Chemistry Day at Penn State Erie, The Behrend College, means lab work: beakers, flasks and plotted data graphs. Then the kickball shatters, the Pringles tube launches like a rocket and the pickle makes the light bulb glow white.
That happens near the end, when Tracy Halmi, the senior lecturer in chemistry, is doing her Mad Scientist bit. She starts it with a spark on a hydrogen balloon.
“This is a little too expensive, and too dangerous, to try in a high school classroom,” Halmi said. “It’s a pretty good field trip. But we hope they’re getting more out of it than that. We hope they’re learning something.”
More than 140 students from 16 high schools in Pennsylvania and western New York attended this year’s program, on May 17. Most are enrolled in honors or Advanced Placement classes.
They started in Penn State Behrend’s renovated chemistry labs. Working in teams, they used a spectrophotometer to analyze copper. Then, through acid-base titration, they determined the molar mass of an unknown organic acid.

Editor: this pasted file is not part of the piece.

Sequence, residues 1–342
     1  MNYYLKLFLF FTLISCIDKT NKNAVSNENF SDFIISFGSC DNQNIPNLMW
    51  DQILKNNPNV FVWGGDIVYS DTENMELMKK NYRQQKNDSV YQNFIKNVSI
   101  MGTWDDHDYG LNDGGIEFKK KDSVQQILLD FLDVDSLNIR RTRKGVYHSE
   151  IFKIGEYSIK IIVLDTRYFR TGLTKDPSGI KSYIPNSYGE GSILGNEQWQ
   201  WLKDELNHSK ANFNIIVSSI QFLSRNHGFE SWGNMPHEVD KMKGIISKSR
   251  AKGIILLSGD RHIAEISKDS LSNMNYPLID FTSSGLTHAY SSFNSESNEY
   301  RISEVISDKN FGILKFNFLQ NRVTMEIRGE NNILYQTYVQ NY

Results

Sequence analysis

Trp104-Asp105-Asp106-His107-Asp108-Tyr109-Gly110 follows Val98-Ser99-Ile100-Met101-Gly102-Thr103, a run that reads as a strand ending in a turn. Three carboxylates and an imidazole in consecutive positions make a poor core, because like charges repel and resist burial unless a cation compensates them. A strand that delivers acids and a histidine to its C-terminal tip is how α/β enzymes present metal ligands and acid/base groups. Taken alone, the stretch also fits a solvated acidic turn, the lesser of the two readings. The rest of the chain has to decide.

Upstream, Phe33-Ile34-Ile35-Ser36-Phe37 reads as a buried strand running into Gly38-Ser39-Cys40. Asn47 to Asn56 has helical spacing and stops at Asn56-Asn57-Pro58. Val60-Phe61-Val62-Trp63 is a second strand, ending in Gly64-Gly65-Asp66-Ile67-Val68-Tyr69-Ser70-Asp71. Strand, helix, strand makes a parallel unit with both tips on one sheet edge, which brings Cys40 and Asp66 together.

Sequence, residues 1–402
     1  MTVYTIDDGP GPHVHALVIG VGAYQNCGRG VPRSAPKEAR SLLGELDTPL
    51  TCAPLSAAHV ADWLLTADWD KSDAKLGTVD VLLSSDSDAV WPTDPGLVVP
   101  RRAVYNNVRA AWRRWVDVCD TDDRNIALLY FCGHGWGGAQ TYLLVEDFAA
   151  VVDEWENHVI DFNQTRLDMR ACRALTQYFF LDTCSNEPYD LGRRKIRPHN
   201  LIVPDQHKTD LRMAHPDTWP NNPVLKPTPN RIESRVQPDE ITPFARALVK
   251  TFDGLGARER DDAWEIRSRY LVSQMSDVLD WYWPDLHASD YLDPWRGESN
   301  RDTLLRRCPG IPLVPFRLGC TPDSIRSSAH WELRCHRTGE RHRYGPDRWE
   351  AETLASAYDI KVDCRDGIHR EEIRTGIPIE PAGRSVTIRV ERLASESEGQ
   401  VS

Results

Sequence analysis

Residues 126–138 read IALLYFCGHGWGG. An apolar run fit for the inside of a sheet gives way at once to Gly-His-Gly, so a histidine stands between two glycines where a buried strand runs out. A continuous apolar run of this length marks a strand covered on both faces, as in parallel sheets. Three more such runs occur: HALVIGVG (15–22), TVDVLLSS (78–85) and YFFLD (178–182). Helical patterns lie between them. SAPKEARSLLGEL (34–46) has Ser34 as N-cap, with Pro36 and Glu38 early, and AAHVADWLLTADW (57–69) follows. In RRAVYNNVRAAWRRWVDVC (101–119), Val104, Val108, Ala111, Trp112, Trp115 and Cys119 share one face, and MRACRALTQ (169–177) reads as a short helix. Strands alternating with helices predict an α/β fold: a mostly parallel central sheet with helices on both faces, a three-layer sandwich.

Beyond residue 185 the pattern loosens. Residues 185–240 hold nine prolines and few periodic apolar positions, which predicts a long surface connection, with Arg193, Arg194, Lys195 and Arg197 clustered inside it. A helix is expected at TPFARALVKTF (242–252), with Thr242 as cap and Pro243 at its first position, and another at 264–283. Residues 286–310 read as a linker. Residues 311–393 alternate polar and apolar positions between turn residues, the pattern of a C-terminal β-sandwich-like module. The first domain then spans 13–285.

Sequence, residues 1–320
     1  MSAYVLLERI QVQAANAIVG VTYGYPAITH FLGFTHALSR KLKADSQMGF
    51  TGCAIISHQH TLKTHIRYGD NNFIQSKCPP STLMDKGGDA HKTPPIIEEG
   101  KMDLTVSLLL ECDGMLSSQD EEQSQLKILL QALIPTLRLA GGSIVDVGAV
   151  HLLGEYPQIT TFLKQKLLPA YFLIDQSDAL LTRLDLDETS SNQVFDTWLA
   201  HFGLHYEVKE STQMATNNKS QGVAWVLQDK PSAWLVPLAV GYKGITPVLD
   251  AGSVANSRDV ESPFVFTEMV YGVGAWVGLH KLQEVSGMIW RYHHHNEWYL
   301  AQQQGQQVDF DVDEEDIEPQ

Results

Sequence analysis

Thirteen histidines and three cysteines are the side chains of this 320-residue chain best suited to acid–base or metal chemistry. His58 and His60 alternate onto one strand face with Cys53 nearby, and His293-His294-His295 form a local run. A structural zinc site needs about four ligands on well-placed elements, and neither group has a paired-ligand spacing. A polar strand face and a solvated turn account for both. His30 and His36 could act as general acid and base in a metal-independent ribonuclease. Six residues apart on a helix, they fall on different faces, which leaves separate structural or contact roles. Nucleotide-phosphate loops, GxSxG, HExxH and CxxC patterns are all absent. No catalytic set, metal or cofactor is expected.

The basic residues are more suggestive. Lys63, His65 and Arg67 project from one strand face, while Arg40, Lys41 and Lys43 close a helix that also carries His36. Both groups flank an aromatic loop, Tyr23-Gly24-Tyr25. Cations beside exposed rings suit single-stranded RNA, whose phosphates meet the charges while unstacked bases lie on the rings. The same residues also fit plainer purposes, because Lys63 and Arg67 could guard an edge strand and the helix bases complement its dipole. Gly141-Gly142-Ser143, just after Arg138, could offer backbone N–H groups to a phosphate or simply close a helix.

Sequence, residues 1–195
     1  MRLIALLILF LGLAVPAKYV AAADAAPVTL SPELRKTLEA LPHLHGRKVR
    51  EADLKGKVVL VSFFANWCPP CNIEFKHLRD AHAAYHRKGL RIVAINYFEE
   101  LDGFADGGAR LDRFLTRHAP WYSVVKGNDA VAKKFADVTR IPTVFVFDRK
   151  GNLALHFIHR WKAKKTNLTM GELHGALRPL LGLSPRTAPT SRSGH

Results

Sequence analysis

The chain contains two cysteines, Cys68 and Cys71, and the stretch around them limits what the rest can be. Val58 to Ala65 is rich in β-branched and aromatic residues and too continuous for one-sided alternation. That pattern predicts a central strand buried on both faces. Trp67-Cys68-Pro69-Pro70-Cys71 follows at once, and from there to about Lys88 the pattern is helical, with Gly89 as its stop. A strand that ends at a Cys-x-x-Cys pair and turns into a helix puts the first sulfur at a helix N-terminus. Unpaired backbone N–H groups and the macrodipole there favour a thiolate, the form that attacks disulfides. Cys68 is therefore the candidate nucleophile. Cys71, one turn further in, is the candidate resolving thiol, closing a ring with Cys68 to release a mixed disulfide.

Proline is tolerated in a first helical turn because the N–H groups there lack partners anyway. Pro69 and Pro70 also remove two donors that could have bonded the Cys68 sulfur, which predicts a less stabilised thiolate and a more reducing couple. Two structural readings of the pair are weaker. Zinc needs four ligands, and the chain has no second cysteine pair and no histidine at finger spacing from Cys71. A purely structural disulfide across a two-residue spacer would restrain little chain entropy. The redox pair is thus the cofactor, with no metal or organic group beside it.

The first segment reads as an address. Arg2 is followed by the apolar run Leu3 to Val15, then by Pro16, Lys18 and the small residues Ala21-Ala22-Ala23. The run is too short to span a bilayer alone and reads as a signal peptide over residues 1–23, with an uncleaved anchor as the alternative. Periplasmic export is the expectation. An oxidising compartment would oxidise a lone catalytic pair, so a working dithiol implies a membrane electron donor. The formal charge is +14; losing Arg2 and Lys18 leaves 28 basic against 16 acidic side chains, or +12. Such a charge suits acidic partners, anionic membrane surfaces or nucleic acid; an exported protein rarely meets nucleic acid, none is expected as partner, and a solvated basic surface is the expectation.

Then they watched Halmi and senior laboratory technician Jerry Magraw blow stuff up. The explosions were so large, and so loud, they set off the fire alarms in the Otto Behrend Science building.
That’s a tradition, Magraw said.
“We do this to get students excited about chemistry,” he said. “A lot of times, they sit in class and it’s kind of dull, kind of boring. We get them out here, we go into the lab and we do crazy demo shows. We blow things up. We light ourselves on fire. We have all sorts of mayhem, and the students absolutely love it.”